I often find the need to figure out if my computer system or a friend's system can run a new software program. Most software has minimum requirements and you can check your computer specifications in various ways. If you are running windows and need to know quickly there are two ways to do this for free, without additional software. The first option is to use the Windows Help and Support menus, which provides a great deal of information on its own. I highly recommend anyone who wants to learn more about their computer to use this resource. The other tool is the System Information application MSinfo32.exe.
To get to the Help and Support system (pictured above) following the below steps:
Click Start -> Help and Support -> Computer Information (left pane of the screen)
From this, you will get the very basic information you are looking for such as:
- Model of your computer
- MFG Service Tag numbers
- Processor Model and speed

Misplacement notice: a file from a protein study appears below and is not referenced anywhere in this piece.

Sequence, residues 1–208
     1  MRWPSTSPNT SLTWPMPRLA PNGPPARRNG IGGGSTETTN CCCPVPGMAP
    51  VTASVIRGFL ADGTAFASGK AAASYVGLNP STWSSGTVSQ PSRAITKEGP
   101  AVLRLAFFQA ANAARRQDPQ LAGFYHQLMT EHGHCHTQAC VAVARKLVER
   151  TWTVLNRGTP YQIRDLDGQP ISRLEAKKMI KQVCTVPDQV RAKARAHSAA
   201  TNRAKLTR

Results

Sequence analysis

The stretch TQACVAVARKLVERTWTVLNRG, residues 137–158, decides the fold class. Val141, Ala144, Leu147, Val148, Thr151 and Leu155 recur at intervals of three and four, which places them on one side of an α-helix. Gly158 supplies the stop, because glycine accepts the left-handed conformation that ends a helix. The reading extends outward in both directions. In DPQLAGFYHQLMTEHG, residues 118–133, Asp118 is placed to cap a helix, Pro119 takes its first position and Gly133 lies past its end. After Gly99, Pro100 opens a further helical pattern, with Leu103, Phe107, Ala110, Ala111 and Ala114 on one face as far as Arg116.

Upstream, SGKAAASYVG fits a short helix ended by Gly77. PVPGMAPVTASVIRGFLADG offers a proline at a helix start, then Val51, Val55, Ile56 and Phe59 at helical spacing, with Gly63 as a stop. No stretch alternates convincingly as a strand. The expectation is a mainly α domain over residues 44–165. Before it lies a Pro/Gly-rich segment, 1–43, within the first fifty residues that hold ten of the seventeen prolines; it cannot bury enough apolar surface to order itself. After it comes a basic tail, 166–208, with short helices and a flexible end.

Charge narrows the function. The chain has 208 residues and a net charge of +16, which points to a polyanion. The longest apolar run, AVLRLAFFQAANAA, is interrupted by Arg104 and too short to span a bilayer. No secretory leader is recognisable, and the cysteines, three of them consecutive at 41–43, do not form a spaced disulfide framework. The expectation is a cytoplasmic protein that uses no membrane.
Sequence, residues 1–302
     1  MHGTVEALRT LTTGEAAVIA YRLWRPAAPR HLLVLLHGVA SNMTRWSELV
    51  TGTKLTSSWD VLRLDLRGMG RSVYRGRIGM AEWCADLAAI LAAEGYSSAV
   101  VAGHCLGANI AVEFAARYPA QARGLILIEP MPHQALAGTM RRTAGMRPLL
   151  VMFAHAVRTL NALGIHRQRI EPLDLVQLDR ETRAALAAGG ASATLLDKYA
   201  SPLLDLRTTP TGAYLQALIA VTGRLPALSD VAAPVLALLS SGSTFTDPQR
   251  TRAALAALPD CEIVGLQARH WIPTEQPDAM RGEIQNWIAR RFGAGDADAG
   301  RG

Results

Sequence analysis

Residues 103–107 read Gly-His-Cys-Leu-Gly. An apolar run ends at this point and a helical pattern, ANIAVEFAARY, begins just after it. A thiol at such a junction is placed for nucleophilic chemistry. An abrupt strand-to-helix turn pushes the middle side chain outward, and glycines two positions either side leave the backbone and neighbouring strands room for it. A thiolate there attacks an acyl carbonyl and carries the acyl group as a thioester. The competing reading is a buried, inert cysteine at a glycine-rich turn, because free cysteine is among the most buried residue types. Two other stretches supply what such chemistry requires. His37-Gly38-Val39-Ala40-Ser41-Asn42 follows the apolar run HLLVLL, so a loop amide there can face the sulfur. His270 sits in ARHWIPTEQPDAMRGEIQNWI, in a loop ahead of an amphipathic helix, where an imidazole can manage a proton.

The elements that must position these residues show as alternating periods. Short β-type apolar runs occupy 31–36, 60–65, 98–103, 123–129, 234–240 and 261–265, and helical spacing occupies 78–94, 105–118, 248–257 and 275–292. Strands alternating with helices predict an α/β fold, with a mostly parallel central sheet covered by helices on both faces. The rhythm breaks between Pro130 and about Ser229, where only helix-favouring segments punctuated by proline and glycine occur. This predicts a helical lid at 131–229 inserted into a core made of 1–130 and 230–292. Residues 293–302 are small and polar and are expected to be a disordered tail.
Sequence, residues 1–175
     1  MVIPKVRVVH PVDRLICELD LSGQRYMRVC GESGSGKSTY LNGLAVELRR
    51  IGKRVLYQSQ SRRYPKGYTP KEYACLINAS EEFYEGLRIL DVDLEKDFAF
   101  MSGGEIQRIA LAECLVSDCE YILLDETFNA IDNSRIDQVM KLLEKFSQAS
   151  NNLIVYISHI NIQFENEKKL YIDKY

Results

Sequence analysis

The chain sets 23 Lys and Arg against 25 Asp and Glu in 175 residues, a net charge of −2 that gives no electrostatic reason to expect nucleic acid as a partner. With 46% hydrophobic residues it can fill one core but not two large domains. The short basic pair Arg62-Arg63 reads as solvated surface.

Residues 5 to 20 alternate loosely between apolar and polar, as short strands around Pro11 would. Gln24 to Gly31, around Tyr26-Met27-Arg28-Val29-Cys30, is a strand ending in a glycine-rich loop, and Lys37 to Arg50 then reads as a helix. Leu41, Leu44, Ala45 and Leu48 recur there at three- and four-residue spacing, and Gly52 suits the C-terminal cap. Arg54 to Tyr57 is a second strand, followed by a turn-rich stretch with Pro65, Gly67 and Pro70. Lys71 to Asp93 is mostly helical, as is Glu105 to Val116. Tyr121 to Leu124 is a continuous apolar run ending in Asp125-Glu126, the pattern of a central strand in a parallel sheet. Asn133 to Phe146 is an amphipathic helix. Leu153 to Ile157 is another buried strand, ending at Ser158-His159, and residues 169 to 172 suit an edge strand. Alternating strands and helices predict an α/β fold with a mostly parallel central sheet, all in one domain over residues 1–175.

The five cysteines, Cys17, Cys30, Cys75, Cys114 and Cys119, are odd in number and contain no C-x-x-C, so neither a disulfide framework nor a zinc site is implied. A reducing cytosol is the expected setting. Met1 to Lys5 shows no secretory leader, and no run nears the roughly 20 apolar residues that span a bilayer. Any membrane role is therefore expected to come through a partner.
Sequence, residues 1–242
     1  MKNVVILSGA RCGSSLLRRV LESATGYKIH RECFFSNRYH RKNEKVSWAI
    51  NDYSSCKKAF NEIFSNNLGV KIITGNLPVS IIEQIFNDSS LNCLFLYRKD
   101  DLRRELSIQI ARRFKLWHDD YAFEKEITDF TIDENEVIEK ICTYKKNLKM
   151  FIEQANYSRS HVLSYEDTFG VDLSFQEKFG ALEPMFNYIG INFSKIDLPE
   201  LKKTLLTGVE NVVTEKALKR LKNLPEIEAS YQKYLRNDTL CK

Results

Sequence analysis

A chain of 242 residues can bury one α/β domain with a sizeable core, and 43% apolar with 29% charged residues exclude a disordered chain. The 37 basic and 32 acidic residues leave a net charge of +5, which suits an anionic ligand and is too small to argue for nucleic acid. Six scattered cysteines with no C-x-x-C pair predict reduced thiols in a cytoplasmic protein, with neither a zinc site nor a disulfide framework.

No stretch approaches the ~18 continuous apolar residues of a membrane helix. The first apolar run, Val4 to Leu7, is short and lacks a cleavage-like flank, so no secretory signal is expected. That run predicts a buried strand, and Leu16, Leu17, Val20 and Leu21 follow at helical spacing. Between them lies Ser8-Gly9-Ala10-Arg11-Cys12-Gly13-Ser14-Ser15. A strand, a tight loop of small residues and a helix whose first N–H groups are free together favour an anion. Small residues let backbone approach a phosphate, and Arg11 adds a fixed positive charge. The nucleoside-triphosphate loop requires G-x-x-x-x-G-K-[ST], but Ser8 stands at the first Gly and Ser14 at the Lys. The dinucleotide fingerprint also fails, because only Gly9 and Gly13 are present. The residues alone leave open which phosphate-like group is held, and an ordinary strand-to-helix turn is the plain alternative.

- Physical memory Installed (RAM)
- Operating System (XP in this case)
- OS version number
Start -> Help and Support -> Performance and Maintenance -> Maintaining your computer -> Get Information about your computer -> View general system information about this computer.
However, I prefer to use MSinfo32.exe, which can be used to view information on remote computers as well. To start it do the following:
Click Start -> Run -> Type in msinfo32.exe and you will see the following window.
This application will give you nearly all the information you want from your computer, including the summary from the above tool, hardware resources, software installed, internet settings, office application settings and possibly other information depending on your setup. Under the Tools menu, you will find 5 other useful tools: Net Diagnostics, System Restore, File Signature Verification Utility, DirectX Diagnostic Tool and Doctor Watson (My Favorites in Bold)
While writing this post, I came across another website called Network Clue, which had a good list of tools to use for the command line in Windows 2000 and XP. I hope you have found this post helpful, and you have learned a little more about your computer. What tools do you use to gather information about your computer?